The Victorian glasshouse is iconic and serves as an inspiration for architects to this day. One example we proudly introduce to you today is the kinetic glasshouse at the Woolbeding Gardens in the United Kingdom. The fascinating feature of this diamond-shaped glass-and-aluminum structure is that, when the weather is warm and sunny, it can open up like a flower in bloom.
Scroll down to the end of the article to watch this masterpiece of architecture unfurl in a video, or continue reading to learn more about its design elements and engineering.
The 1,518-square-foot moving glasshouse was developed by Heatherwick Studio, which already has an impressive architecture portfolio. They’re probably most well-known for designing the Little Island in New York City.
This time, the architects shifted their focus from floating island parks to a historic Sussex Estate with a stunning rare and plant collection. Dedicated to the history of the Silk Road, the surrounding garden has 300 species of plants from 12 different regions of the world. This was an ancient network of trading routes connecting Europe and Asia.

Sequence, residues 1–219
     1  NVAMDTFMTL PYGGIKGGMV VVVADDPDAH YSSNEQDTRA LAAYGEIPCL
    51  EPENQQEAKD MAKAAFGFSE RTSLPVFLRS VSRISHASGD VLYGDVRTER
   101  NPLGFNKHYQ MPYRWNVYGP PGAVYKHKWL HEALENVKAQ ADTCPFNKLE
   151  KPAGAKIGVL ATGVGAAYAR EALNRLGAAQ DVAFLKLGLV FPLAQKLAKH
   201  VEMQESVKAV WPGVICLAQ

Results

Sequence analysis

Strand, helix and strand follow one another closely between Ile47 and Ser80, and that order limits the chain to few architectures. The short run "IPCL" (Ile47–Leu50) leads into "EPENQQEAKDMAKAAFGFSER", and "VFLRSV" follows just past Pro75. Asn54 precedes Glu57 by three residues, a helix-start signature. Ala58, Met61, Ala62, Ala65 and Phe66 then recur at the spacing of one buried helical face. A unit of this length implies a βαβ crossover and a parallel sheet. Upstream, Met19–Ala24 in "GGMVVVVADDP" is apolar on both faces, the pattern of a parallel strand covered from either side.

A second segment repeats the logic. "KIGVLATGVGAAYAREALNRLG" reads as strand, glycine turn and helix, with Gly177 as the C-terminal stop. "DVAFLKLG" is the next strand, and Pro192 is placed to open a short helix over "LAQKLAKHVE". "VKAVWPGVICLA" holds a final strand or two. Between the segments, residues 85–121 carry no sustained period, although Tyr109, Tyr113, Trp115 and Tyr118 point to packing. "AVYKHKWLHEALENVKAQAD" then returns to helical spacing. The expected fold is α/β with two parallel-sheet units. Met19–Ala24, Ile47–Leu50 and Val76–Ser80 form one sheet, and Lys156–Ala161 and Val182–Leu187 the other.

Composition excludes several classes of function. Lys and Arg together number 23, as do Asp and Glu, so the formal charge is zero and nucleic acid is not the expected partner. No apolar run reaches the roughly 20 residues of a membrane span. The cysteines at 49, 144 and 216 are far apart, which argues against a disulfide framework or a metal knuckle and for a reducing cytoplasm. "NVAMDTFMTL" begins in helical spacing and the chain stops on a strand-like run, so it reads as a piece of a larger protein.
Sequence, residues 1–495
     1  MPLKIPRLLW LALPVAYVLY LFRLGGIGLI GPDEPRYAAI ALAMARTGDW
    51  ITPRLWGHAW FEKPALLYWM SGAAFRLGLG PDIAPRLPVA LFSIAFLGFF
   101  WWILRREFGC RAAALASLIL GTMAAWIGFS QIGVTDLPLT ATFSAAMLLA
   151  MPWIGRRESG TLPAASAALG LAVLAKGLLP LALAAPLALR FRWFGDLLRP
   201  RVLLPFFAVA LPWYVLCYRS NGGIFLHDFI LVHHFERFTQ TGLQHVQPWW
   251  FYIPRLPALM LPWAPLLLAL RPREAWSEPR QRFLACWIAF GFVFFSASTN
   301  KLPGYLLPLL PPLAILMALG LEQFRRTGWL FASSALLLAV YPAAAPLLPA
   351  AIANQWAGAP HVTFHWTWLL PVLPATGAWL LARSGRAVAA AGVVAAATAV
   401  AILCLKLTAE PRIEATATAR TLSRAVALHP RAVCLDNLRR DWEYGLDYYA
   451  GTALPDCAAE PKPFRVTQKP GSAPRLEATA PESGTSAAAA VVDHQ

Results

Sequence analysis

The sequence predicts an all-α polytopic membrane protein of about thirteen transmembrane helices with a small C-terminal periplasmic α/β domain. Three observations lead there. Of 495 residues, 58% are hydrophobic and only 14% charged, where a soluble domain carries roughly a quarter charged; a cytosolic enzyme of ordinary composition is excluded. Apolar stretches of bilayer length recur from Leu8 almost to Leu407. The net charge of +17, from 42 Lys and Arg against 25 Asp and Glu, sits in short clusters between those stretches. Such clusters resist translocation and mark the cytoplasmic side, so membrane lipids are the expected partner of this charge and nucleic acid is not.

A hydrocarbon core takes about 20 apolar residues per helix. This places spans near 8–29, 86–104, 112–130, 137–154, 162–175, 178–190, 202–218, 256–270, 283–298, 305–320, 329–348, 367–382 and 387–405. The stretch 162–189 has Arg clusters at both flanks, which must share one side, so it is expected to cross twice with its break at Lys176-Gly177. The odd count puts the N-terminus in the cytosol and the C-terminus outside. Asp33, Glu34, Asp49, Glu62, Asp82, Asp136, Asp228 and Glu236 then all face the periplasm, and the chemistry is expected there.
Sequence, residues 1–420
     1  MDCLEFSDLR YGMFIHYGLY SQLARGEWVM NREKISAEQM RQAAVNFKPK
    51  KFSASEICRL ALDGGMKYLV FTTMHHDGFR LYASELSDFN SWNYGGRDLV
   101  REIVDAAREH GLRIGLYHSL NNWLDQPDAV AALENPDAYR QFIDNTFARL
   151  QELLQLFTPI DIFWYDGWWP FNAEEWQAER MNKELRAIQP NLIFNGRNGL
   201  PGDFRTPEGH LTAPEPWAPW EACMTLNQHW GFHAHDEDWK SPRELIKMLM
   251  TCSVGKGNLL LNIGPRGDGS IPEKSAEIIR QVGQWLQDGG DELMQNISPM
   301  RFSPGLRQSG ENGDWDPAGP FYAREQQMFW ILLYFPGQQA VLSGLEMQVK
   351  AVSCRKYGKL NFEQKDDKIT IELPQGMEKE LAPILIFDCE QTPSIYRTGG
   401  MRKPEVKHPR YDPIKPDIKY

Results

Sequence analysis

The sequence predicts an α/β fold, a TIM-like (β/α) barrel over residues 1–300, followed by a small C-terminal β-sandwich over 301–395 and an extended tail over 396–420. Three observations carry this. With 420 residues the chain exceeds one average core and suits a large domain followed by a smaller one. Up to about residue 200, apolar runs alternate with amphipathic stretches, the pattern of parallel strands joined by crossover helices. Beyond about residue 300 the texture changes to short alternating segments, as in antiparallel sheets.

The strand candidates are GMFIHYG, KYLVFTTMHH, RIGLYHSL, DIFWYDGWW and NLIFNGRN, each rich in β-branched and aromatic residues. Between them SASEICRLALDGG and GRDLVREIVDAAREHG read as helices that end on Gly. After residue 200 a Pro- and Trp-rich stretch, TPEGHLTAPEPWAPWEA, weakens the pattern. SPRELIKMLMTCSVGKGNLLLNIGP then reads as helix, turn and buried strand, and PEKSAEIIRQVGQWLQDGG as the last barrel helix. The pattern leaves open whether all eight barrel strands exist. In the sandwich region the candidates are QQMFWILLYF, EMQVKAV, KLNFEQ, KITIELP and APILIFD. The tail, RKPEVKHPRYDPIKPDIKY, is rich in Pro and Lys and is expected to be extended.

The diamond-shaped design is inspired by Victorian terrariums used to move plants to Europe on the Silk Route. These glass cases were also used to grow and display tropical plants and were quite beautiful on their own.
The Glasshouse consists of 10 metal frames filled with glass panes. Their shape and movement were designed to look like sepals - outer petals that protect the flower.
Among the rare species enclosed within the Glasshouse are the Chinese tree called Aralia vietnamensis, several magnolias, banana trees, and umbrella trees. Some now-familiar herbs - thyme, fennel, and lavender - are also present in the surrounding garden, as these were also first introduced in the British Isles through the Silk Road.